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Billson v Residential Apartments Ltd  1 A.C. 494
Property law – Landlord and tenant – Forfeiture
The landlords had a lease with the tenants of a freehold property which included a covenant that prevented the tenants from undertaking alterations of the property without the landlord’s consent. During the tenancy, and without express permission or the landlord’s consent, the tenants undertook major construction work on the property. Under the Law of Property Act 1925, section 46, the landlord served a notice requiring the breach of covenant to be remedied, which the tenants failed to do. The landlords later entered the premises, changed the locks and claimed forfeiture. The construction men subsequently broke into the property and reclaimed possession. Both parties appealed to the court for clarification and the court held that once the landlord regained possession, the court no longer had jurisdiction.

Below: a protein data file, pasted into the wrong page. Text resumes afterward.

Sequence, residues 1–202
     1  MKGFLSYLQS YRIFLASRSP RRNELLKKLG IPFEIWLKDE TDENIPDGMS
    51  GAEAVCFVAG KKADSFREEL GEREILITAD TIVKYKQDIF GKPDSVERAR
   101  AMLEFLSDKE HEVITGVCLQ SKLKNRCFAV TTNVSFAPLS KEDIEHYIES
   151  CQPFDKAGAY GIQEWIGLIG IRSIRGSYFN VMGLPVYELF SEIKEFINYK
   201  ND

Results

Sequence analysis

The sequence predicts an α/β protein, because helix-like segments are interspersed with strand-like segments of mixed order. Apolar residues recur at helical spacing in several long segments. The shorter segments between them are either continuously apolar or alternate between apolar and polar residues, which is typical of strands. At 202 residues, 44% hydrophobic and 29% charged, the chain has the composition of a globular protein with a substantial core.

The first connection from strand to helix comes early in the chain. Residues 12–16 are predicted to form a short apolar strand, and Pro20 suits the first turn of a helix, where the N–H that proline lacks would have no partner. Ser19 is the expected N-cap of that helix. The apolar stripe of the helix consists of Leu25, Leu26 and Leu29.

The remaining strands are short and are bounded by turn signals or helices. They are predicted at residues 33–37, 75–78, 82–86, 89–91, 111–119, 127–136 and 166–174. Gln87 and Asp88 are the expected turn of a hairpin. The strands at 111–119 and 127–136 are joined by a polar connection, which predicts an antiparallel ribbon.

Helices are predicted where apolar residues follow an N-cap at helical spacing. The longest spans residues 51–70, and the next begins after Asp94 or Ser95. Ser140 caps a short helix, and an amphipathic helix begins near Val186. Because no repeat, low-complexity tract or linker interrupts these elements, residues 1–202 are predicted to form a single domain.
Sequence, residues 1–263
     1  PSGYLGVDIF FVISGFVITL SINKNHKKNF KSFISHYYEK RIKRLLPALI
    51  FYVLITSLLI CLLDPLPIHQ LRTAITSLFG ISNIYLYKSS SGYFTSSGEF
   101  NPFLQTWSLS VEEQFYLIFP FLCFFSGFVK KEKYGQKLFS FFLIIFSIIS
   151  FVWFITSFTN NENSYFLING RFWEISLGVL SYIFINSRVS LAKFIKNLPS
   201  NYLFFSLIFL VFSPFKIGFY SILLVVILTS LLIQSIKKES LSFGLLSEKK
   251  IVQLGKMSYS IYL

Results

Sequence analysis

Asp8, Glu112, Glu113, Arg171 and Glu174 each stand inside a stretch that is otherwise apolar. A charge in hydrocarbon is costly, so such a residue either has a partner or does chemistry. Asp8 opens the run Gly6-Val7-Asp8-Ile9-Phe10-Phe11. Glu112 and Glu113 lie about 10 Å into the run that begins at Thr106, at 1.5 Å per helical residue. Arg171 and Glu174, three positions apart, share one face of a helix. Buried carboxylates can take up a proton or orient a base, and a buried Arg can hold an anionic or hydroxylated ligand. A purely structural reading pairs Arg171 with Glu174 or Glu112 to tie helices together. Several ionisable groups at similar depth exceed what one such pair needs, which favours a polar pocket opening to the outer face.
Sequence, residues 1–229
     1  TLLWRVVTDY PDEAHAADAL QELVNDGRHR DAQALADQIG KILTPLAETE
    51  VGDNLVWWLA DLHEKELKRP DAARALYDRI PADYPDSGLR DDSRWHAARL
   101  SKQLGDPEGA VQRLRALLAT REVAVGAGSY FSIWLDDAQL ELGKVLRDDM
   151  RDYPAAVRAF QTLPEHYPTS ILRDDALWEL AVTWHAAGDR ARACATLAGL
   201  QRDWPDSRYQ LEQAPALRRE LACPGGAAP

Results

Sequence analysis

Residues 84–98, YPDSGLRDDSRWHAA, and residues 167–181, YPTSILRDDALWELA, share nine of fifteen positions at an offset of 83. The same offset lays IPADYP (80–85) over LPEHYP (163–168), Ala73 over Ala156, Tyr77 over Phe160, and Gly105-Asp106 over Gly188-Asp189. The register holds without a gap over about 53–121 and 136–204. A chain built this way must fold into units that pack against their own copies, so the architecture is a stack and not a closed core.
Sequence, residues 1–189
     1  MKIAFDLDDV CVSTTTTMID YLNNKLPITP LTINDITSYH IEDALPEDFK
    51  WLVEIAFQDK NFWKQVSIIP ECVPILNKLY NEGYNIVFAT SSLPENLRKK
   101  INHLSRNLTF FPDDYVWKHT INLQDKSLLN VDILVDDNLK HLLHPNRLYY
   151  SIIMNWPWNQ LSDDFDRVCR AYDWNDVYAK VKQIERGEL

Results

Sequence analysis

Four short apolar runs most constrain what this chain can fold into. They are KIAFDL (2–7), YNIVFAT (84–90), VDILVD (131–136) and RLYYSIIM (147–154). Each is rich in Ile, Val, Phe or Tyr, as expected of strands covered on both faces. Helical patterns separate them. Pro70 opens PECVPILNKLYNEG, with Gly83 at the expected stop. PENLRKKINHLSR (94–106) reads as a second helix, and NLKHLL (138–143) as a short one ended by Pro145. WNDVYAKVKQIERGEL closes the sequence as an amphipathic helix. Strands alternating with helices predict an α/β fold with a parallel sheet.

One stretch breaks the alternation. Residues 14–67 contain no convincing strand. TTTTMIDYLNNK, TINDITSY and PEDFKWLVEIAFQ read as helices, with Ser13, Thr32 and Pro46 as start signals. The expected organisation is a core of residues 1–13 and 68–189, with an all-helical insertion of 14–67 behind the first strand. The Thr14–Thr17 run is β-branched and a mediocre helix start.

It was important for the court to establish at which point that they had jurisdiction over the matter in hand. The landlord of the property had gained re-entry to the property but had done so without the permission of the court. It was also important for the court to establish whether the plaintiff had a right to appeal after their breach of the covenant.
The court allowed the appeal of the tenant, on the basis that the landlord had entered the property without gaining a court order allowing him to do so. However, the court emphasised that the tenant could not apply for relief once the landlord had regained possession of the property and had the courts permission to do so. In the current circumstances, this had not been established and therefore the tenant’s application for relief would be considered by the court.
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